According to a study by the O.C. Tanner Institute, both leaders (48 per cent) and employees (57 per cent) say “making employees feel valued and appreciated” is the aspect of workplace culture most important to them. The survey found appreciation and recognition are key inputs to creating a great culture in the workplace.
A well-run employee recognition program contributes to a great workplace culture but also impacts the bottom line and improves business results in some very specific ways including attracting talent, engagement, retention, wellbeing, performance and innovation.
However, recognition is not one-dimensional. Companies benefit from having multi-faceted recognition programs that connect their people with each other, their leaders and organisational values and purpose in a meaningful way.
The study identified three core areas of recognition proven to have the most profound impact:
- Celebrating careers - celebrate loyalty and contribution at key milestones of tenure; not just long service recognition.
- Rewarding results - formally recognise ‘above and beyond performance’ that accompanies big wins, exceptional project completions and exceptional positive behaviour.
- Encouraging effort - informally recognise for ongoing effort and progress.
Findings from O.C. Tanner indicate while a majority of organisations have one of the three forms of recognition, only 37 per cent have all three.
Moreover, the study indicated the resulting degree of organisational ‘pride’, retention, health and wellbeing (among other engagement indicators) of these recognition programs are significantly higher when companies diversify programs to include all three areas of recognition.
The difference in impact between one and three programs can range from 27 per cent up to 45 per cent (depending on the indicator).
The impact of this approach on retention in particular can be significant. Glassdoor reports 53 per cent of employees would stay at their jobs longer if their employers showed them more appreciation while research by Qualtrics says people who have managers who regularly acknowledge them for good work are five times more likely to stay.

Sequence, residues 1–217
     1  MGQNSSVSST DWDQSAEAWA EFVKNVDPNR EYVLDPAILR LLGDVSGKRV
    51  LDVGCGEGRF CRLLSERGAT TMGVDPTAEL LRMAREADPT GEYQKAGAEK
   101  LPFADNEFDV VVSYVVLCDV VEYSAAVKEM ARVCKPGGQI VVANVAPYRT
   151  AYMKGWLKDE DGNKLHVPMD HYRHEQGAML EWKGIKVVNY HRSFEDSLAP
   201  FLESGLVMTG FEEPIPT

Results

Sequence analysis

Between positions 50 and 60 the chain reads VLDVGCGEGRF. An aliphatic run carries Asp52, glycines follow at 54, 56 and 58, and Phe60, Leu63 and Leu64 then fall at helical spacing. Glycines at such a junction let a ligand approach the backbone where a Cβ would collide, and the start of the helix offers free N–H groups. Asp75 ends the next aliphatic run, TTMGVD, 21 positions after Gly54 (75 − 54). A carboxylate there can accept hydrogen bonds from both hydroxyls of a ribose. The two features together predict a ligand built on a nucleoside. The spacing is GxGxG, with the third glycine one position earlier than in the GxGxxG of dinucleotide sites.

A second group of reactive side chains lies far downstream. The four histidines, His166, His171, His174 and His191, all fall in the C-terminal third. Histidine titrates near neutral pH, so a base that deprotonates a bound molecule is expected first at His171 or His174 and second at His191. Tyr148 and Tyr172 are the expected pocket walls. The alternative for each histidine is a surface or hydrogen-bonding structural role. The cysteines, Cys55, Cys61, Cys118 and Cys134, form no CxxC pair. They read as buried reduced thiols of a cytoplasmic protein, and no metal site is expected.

The O.C. Tanner Institute found having a service award program means companies can retain employees for 2-4 years longer than companies without a service award program.
Communication and transparency
While it is important to have a competitive and organisationally-aligned reward framework, it is even more important that leaders are capable of playing their part in explaining performance and reward outcomes and linkages to company performance. A study in 2014 found employees place a significant premium (approximately 20 per cent) on certainty, simplicity, and less discretion in the allocation of incentives.
Building capability requires leaders to be coached and developed in understanding and communicating reward structures. We are increasingly seeing companies recognise the value of this investment.
Changing pay can be challenging. Companies know it’s important to get it right.
Regulators agree. The Australian Prudential Regulation Authority (APRA) recently issued a draft proposal to increase the emphasis on non-financial measures of performance in remuneration.
APRA’s proposal recommends “stronger requirements” on remuneration to enhance conduct, risk management and accountability. The proposals would limit financial drivers of bonuses, introduce clawback provisions on bonuses and increase the onus on boards to oversee remuneration.
Companies are recognising ‘the way it’s always been done’ might not be acceptable for much longer. But how will companies know if the changes they are making are positive or making a difference?
I believe it means reward ultimately enables, not inhibits, people making good decisions in the interest of the customer, the community, the organisation and the shareholder.
The success of any change should be measured against organisational values and purpose, which must reflect the key interests and concerns of a broad range of stakeholders and, most notably, the customer.
Mark Phillips is Partner at Ernst & Young Australia
The views expressed in this article are the views of the author, not Ernst & Young. This article provides general information, does not constitute advice and should not be relied on as such. Professional advice should be sought prior to any action being taken in reliance on any of the information. Liability limited by a scheme approved under Professional Standards Legislation.